Mar 27, 2013

The Adventures of Prince Achmed, April 30th Bytowne Cinema

The Adventures Of Prince Achmed (1926), April 30th 9:05pm Bytowne Cinema
with Live Music. 35mm Tinted and Toned print.

The Adventures Of Prince Achmed is the oldest surviving feature-length animated film. We present it tonight from a restored 35mm film print, brought up for one night only from a distributor in the United States. The evening will feature a live musical performance of a new score composed by Ottawa’s own Mike DubuĂ© (Hilotrons), who will perform it along with various guest musicians.

The musicians performing the score are:
Mike Dubue: Bass, Piano, Vibraphone
Holger Schoorl: Classical Guitar, Electric Guitar
Octavie Dostaler-Lalonde: Cello
Paul Hogan: Electric Guitar
Alex Moxon: Electric Guitar
Adam Sakailey: Effects, Piano
Rolf Klausener: Bass
Philip shaw Bova: Percussion

To make this all happen we are selling advance tickets and fundrasing to pay for the musicans, rental and original musical composition. Check out the campaign here which includes lots of great perks:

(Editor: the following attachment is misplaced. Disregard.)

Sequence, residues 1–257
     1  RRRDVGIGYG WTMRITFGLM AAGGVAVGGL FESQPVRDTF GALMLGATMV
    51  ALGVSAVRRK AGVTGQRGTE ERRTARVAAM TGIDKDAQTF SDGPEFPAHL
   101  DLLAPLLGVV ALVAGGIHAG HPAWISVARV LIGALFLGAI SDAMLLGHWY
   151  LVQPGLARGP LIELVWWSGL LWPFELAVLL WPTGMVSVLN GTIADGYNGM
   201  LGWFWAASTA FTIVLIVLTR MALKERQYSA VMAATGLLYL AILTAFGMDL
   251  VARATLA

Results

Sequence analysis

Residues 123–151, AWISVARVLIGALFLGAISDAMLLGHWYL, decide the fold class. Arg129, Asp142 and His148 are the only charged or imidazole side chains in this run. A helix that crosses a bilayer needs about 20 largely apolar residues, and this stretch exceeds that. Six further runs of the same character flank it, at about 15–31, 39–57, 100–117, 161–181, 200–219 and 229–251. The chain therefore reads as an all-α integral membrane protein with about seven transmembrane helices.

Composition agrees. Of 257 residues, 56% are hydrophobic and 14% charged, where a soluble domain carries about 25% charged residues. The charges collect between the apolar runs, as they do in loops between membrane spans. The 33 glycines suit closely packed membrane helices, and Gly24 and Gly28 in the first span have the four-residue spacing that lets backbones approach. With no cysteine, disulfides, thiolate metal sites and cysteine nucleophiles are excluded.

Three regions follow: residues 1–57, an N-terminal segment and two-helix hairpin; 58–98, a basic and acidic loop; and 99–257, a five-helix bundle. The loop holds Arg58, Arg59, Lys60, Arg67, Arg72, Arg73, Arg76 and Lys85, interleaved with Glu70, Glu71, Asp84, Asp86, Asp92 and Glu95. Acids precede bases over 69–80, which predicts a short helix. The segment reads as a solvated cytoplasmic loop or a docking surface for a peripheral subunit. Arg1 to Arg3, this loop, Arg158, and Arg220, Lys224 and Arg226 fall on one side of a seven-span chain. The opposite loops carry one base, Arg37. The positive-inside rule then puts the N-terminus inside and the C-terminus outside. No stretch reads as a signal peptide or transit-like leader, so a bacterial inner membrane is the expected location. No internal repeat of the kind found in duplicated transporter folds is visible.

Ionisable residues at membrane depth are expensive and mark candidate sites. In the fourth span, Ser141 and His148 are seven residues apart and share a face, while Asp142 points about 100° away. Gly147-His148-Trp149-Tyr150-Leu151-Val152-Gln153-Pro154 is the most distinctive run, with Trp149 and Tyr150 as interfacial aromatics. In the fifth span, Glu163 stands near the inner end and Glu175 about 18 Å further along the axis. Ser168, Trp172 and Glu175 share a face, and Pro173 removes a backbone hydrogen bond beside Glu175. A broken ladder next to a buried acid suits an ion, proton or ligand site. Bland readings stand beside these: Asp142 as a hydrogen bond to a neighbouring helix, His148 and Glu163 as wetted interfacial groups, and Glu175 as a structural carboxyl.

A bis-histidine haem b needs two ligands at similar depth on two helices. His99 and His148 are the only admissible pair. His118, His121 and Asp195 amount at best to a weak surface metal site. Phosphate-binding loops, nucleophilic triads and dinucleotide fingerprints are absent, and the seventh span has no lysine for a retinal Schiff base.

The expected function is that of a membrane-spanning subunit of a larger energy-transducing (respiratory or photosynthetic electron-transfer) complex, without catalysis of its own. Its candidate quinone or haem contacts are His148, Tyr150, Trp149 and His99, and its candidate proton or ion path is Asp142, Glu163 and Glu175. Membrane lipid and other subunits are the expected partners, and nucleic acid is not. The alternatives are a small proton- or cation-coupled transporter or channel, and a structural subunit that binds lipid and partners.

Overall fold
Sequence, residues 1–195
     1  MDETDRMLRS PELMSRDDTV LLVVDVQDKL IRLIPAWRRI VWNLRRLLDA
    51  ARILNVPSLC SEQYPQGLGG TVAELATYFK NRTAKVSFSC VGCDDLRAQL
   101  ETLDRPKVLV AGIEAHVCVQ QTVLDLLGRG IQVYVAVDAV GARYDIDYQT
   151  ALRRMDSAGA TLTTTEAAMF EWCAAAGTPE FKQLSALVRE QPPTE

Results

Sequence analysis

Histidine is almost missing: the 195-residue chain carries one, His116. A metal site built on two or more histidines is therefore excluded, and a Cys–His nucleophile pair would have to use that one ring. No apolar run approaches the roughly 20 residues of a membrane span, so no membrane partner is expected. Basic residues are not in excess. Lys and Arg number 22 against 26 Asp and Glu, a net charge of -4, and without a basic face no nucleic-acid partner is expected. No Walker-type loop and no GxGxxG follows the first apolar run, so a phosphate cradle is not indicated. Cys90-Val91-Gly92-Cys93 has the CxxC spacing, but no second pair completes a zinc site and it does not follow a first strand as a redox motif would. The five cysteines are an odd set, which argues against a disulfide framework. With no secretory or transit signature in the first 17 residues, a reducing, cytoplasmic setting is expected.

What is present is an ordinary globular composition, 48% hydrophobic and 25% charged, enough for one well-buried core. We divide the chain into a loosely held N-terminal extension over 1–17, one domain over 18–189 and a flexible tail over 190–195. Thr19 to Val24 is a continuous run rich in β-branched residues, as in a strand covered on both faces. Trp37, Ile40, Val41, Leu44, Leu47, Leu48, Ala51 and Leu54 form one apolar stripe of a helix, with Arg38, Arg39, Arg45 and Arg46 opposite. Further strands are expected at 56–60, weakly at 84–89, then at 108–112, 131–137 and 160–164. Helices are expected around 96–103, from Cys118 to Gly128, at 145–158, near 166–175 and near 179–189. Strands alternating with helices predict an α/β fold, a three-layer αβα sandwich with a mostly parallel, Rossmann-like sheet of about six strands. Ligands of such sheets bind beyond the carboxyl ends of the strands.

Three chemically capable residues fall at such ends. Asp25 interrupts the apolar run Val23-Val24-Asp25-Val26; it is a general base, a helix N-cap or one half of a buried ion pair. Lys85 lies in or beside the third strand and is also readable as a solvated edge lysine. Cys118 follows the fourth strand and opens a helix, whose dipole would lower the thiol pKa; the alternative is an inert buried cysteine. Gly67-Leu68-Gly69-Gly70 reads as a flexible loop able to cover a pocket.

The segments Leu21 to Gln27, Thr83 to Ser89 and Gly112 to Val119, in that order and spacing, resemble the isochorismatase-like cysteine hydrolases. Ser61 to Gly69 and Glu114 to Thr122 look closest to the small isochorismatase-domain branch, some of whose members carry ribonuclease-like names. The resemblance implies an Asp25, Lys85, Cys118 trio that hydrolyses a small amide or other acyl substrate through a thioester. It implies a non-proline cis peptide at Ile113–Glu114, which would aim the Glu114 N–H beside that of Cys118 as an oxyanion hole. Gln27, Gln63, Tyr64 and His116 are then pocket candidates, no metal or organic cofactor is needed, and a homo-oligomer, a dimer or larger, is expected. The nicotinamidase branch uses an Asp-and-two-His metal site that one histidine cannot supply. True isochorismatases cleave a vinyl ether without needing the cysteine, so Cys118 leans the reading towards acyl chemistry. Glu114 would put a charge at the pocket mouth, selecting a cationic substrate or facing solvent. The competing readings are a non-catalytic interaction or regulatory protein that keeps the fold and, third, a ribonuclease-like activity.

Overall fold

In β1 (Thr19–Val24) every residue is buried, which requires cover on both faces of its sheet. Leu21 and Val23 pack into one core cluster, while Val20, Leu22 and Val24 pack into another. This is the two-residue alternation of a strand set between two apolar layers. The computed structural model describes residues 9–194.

Achmed is a tale of adventure and magic based on the legends of the 1001 Arabian Nights. The film was created over a three-year period by German director Lotte Reiniger, who animated the film using an innovative silhouette technique, photographing cardboard cut-outs and lead forms with a multi-plane camera. Though filmed in black and white, Reiniger also employed various coloured tints and tones to lend the film a more evocative atmosphere. The end result is a film of surprising depth and delicacy. Upon its release it was widely acclaimed as a masterpiece.

Reiniger was a highly accomplished animator, and a determined female pioneer in the film world. In her professional life she crossed paths with luminaries such as Bertholt Brecht, Fritz Lang, and Jean Renoir, as well as John Grierson, who later founded the National Film Board of Canada. He helped Reiniger and her husband flee to England to escape Nazi persecusion for her involvement in left-wing politics, where she lived and worked for many years, before coming to Canada in the early 1970s. Enticed out of a self-imposed retirement after the death of her husband, she completed two final short animated films at the NFB, and influenced a new generation of Canadian animators.

It may be a stretch to claim Reiniger as a Canadian filmmaker, but we’re willing to do it in the name of art.

Press info here

– Lost Dominion Screening Collective